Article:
What to Know
Judge on Tuesday sentenced the Bronx teen found guilty of stabbing his classmates in 2017 at the Urban Assembly School
Abel Cedeño was sentenced to 14 years in state prison and five years probation
Sentence comes after Abel Cedeño, who waived his right to a jury trial, was found guilty on all counts -- manslaughter, weapons possession
A judge on Tuesday sentenced a Bronx teen to 14 years in state prison for stabbing two classmates, one fatally, in 2017 at the Urban Assembly School for Wildlife Conservation -- prompting a melee to break out outside court.
The sentence comes after Abel Cedeño, who waived his right to a jury trial, was found guilty on all counts -- manslaughter, weapons possession and assault – in July.
The judge declined to give 19-year-old Cedeño youthful offender status and so the sentences will run concurrently for all three charges. Aside from the prison term he must serve, Cedeño's sentence also includes five years of probation. He had faced up to 50 years in prison.
Following the sentencing, Cedeño's attorneys said that they do not agree with the 14-year prison term and plan to appeal. They said their client could not stand up upon finding out his fate.
His attorneys initially requested Cedeño remain free until sentencing in order for him to receive psychiatric counseling and medication. The judge denied the request saying that could take place in prison.
Attorneys for Cedeño have argued that the teen was tired of being bullied after years of abuse, and the knife used was in self-defense -- a notion the prosecution has denied, arguing that Cedeño had every intention of breaking out the weapon.
In closing arguments, prosecutors said that the teen had brandished the knife in social media postings days before the fatal brawl, showing he meant to use it in the classroom that day.
During the trial, the prosecution also said the attack victims — 15-year-old Matthew McCree, who subsequently died, and Arian Laboy, a classmate who tried to intervene and was critically injured — were not the students who had bullied Cedeño at all but victims of a planned rampage.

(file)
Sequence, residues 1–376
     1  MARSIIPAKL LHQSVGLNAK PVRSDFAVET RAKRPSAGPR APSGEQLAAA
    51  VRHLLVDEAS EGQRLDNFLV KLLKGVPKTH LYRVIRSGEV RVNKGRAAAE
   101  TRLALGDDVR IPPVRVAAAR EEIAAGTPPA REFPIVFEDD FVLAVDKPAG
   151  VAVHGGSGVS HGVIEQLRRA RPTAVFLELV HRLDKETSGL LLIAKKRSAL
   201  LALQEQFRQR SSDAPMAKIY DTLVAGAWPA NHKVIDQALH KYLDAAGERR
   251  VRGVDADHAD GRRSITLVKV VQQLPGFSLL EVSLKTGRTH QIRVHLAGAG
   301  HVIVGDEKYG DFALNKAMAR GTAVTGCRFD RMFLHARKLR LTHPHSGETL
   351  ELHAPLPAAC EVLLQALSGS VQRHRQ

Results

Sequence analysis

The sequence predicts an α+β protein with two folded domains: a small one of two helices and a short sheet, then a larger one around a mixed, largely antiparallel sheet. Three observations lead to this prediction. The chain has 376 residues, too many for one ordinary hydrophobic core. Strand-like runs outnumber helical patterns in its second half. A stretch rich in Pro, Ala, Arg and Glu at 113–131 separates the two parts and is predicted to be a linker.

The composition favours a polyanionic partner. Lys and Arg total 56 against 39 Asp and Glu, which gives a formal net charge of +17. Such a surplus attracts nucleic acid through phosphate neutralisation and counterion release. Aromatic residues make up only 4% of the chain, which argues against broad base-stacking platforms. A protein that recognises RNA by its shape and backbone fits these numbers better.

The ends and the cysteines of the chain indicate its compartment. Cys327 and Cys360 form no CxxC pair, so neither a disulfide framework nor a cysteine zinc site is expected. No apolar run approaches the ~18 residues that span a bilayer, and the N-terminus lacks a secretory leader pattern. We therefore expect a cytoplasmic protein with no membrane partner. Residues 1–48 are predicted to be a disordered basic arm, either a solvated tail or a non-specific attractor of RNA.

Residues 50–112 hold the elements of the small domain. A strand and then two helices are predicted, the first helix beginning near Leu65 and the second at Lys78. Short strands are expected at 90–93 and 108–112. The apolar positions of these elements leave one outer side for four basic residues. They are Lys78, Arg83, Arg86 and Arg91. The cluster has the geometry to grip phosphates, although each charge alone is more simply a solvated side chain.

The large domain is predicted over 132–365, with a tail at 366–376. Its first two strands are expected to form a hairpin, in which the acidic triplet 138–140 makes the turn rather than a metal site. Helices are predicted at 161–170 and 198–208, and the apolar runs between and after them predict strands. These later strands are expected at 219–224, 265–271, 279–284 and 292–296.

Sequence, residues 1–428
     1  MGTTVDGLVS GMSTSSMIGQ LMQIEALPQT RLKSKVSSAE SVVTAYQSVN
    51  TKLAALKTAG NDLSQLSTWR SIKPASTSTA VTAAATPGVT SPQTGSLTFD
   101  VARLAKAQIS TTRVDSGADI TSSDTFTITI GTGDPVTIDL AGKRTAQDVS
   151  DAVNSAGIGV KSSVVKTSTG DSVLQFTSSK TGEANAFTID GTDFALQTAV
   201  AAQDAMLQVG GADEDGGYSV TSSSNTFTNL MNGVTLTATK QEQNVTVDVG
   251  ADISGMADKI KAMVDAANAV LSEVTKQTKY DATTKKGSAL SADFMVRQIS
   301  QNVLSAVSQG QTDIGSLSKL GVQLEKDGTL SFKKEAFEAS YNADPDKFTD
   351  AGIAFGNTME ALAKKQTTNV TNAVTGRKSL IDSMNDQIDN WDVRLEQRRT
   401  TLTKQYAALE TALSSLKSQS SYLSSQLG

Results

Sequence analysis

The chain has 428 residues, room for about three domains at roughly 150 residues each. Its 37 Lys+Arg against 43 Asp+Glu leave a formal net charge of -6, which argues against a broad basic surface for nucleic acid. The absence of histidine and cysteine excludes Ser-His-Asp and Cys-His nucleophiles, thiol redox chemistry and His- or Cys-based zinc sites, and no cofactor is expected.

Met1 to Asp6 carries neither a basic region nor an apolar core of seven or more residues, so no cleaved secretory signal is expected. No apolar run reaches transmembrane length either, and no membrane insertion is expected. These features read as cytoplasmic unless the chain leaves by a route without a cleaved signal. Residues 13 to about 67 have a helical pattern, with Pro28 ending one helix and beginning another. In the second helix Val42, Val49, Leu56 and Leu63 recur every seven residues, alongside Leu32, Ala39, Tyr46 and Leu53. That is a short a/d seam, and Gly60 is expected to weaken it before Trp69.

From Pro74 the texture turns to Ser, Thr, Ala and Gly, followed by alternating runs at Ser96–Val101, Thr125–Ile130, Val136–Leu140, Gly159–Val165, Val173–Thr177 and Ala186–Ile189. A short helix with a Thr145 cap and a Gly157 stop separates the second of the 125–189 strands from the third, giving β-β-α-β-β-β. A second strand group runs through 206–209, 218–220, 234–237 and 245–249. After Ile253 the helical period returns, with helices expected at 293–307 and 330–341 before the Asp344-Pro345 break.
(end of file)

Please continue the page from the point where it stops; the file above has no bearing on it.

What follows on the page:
Cedeño's team has maintained that he was simply defending himself.
The death of McCree was the first homicide inside a New York City school since 1993.
In the middle of victim impact statements on Tuesday, McCree's mother Louna Dennis left the courtroom screaming.
Hers was just one of the outbursts that took place Tuesday. A melee involving surviving victim Laboy broke out in the courthouse lobby after sentencing.
Laboy allegedly became involved in the altercation after hearing a comment that he should have died, too.
Video captured scenes from the courthouse incident, including one showing a person on the floor in handcuffs surrounded by multiple officers. At one point someone apparently could be heard yelling "Arian."
Laboy was not charged in the incident, according to a source.
In a press conference following the sentencing, accompanied by the victim's family attorney, Dennis said she screamed and left because everything started to flood back in.
The victim's family attorney Sanford Rubenstein said that the city's Department of Education needs to be held responsible and they plan on going to civil court.
While on the stand, 19-year-old Cedeño testified he endured years of bullying because he’s gay.
"They pulled my hair, they pushed me, called me derogatory gay slurs," he said.
Recalling the day McCree was stabbed to death, Cedeño said he remembered being attacked, holding the knife and swinging his arms, but he doesn’t remember stabbing anyone.
Cedeño didn't testify that McCree or Laboy were the ones who yelled anti-gay slurs at him but said they and others were throwing pencils, pen caps and balls of paper at him that day.
Police have previously said that McCree and Laboy had been throwing broken bits of pencils and paper at Cedeño's head during history class. Cedeno allegedly excused himself to go to the bathroom and returned with a switchblade knife which he plunged into McCree's chest and back. Laboy also was stabbed when he tried to intervene.